What business are you in?

Posted on October 19, 2013 by David Anderson

I expected and got some question like "what did you mean by service orientation?" after yesterday's post.

When I meet managers at client sites or people taking my training workshops, I ask them to answer the question, "What business are you in?" then I supplement it with "what are you serving?" I find "what are you serving?" is a more important question than "who are you serving?"

Most managers in the IT sector don't know what business they are in. They believe they are dating agents. Their job is somehow to match incoming tasks with suitabley skilled workers. They look at the task, judge its attractiveness and then assign it to a worker who is "just its type" - the perfect match. Most managers are managing for utilization and managing to keep workers busy with suitably attractive tasks. They don't know what business they are in!

When I talked in the Kanban Lens about service-orientation, I meant that I want managers to think about the service they provide and to start managing it. If I walk into a Starbucks, the shift supervisor knows what business they are in - they serve cups of coffee. If I walk into a McDonald's the duty manager knows what business they are in - they serve burgers. If I call from home for a pizza for delivery - the restaurant manager knows what business they are in - they make and deliver pizzas.

So what business are you in?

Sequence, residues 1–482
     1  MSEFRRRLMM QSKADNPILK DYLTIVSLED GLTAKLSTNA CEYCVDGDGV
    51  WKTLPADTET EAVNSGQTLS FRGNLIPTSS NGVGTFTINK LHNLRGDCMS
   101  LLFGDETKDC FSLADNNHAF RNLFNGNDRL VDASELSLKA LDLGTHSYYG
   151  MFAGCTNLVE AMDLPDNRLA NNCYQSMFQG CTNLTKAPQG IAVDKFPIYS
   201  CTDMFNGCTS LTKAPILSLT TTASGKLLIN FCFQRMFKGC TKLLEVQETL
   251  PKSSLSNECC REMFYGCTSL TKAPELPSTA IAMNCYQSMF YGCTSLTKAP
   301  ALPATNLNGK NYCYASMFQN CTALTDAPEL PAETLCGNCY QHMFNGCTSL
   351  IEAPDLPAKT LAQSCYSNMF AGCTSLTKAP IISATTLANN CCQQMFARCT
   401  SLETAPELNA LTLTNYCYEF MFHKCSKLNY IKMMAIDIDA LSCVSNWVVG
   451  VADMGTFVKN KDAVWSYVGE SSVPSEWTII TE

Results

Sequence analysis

Here are the 4 questions I ask managers to answer for me...

  1. Who are your customers?
  2. What do they ask you for?
  3. What do you do to the requests?
  4. And where do they go when you are finished with them?

The questions solicit work item types and work flow as well as destination. Together they represent the framework for a service interface.

I augment the first set of questions with supplementary questions to solicit expectations and classes of service. What do your customers expect with respect to speed, quality, predictability, conformance to regulations or safety standards? The answers to this question provide us with the necessary classes of service. With all of this information we can understand the service level expectations (SLEs) and from that, when required, look to design the kanban systems to deliver specific service level agreements (SLAs) for each work item type.

If you are interested in how Kanban helps with improved service delivery in creative knowledge work organizations, and how it helps to switch managers to understanding the true business there are in, then I will be talking about this at the Modern Management Methods conference in London on 31st October. Register now!